The arrival of the AE4000E in New Zealand is most notable by the price point that Panasonic NZ has managed to deliver
it to us. The thing is, despite the very competitive pricing which more or less aligns NZ with overseas the AE4000E has
actually a number of key upgrades from earlier models that make this projector more valuable than its predecessors. So a
double win for the NZ consumer.
I was quite excited when I first heard about some of the features in the Panasonic AE4000E and I was keen to get my hands
on one to check it out.
The unit itself by visual appearance is essentially unchanged from previous 1080 models, some argue that the look will
never win many wife approval awards. If you are into function over form then you will ignore the appearance. I don’t mind
it myself, the daughters first comment was, what a beast! Can’t argue with that.
The dimensions of this beast H*W*D 130*460*300mm actually fits a shelf location quite well, allow for 50~100mm at the
rear for connections and power. For ceiling mounting you will need a bracket capable of supporting 7kg of weight. Of course
make sure the support bracket actually grips something solid.
The AE4000E has several advances from the AE3000E that work together to deliver a substantial increase in overall performance.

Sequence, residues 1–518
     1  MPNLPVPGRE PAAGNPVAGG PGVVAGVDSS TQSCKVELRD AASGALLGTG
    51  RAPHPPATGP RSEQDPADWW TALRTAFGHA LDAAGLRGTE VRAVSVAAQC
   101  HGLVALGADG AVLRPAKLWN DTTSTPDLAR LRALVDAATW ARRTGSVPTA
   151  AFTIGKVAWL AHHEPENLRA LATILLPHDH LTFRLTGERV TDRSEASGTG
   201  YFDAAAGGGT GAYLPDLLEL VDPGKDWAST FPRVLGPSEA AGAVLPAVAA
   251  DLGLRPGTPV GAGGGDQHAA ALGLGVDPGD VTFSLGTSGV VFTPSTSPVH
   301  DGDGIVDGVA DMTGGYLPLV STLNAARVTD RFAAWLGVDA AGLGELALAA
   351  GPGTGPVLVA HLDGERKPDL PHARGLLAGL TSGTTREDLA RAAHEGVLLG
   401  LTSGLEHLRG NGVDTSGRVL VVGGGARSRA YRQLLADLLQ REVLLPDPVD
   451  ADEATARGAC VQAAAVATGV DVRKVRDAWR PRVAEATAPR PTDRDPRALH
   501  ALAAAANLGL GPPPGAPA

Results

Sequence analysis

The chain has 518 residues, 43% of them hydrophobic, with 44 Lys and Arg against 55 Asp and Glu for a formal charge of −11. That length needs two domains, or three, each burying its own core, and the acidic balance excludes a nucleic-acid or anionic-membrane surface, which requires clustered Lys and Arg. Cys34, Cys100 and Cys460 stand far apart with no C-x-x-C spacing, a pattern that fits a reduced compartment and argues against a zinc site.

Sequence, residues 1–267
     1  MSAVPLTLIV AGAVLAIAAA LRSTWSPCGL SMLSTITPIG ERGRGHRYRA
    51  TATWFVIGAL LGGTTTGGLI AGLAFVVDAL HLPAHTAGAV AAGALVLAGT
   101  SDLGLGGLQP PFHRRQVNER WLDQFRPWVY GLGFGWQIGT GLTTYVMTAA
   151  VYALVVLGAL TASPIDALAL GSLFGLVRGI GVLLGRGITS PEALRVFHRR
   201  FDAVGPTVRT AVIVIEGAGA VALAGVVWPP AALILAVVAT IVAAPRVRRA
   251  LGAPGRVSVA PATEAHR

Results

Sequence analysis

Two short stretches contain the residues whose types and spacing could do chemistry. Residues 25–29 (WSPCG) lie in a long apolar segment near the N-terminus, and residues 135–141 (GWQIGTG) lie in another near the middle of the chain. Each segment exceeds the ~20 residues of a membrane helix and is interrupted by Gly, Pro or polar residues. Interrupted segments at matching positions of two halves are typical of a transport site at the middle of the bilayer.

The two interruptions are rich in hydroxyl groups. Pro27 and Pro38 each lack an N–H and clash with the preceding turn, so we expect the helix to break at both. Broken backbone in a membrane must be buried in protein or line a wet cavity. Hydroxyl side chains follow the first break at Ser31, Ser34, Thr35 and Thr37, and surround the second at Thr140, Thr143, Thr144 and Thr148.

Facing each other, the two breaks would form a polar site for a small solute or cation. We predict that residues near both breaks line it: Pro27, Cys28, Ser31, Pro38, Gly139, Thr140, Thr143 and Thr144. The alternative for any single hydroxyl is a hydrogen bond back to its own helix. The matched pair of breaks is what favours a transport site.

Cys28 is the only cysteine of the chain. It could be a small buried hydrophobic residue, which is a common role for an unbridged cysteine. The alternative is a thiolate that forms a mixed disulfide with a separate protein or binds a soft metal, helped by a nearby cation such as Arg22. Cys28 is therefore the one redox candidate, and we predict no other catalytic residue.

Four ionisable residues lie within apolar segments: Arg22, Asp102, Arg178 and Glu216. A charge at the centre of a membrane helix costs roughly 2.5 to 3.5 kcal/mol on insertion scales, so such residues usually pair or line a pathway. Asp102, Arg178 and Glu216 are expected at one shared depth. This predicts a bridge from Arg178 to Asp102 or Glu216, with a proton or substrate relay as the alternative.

By a quick glance of the spec sheet these are not overly apparent. The CR going from 60,000:1 to 100,000:1 is the obvious step,
but a less obvious one is the lumen rating, which on paper is the same as the previous model.
Panasonic has developed a red enriched lamp for this model, so although the lumen value is the same the output at the screen
is substantially higher.
The reason for this is that this new design overcomes the problem with the traditional projector lamp that is deficient in red.
With the traditional lamp when balancing the red, green and blue to the correct levels, typically lowers the lumen output limited
by the red. The vast majority of traditional projector lumen ratings are based upon a less than accurate image to get the higher
outputs, the dynamic modes. Although even here the highest rating is still based upon dynamic mode that does in fact clip, the
overall red boost comes through into all modes.
When using the accurate modes the increase from the earlier models is measurable and visual, the red enriched lamp does indeed
result in higher lumens output than previous models whilst maintaining accurate image balance.
After the LCD panels there is a new pure contrast plate to filter light leakage. Light leakage is the basic limit of the black
level obtainable by an LCD based projector and so with the leakage blocked the black level is lowered. Basically less greyness to
the low light level image, the traditional weakness of the LCD based projector.
The result of the combined filtering and the red enriched lamp and not forgetting the fifth generation intelligent iris, all
combine to increase the dynamic range commonly known as contrast ratio, hence the spec sheet increase from 60000:1 to 100000:1.
Of course it doesn’t stop here, there is improved optics comprising of 16 lens elements in 12 groups carefully aligned at the
factory to deliver greater accuracy and less distortion.
But wait there’s more! Additionally there is a pure colour filter, which assists the colour balancing act to adhere to the